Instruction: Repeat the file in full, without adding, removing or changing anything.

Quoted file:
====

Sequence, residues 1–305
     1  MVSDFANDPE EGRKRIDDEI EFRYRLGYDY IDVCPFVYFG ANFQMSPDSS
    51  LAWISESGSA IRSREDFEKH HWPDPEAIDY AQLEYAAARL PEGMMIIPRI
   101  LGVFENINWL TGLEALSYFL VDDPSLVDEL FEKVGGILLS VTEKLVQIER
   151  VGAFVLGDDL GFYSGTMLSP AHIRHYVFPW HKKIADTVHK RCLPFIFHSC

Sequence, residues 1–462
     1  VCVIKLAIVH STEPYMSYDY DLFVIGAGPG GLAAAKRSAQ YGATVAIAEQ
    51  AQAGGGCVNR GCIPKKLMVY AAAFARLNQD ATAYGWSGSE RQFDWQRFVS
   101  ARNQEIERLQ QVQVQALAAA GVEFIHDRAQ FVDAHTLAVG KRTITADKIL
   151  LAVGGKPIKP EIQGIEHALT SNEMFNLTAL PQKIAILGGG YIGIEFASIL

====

Sequence, residues 1–305
     1  MVSDFANDPE EGRKRIDDEI EFRYRLGYDY IDVCPFVYFG ANFQMSPDSS
    51  LAWISESGSA IRSREDFEKH HWPDPEAIDY AQLEYAAARL PEGMMIIPRI
   101  LGVFENINWL TGLEALSYFL VDDPSLVDEL FEKVGGILLS VTEKLVQIER
   151  VGAFVLGDDL GFYSGTMLSP AHIRHYVFPW HKKIADTVHK RCLPFIFHSC

Sequence, residues 1–462
     1  VCVIKLAIVH STEPYMSYDY DLFVIGAGPG GLAAAKRSAQ YGATVAIAEQ
    51  AQAGGGCVNR GCIPKKLMVY AAAFARLNQD ATAYGWSGSE RQFDWQRFVS
   101  ARNQEIERLQ QVQVQALAAA GVEFIHDRAQ FVDAHTLAVG KRTITADKIL
   151  LAVGGKPIKP EIQGIEHALT SNEMFNLTAL PQKIAILGGG YIGIEFASIL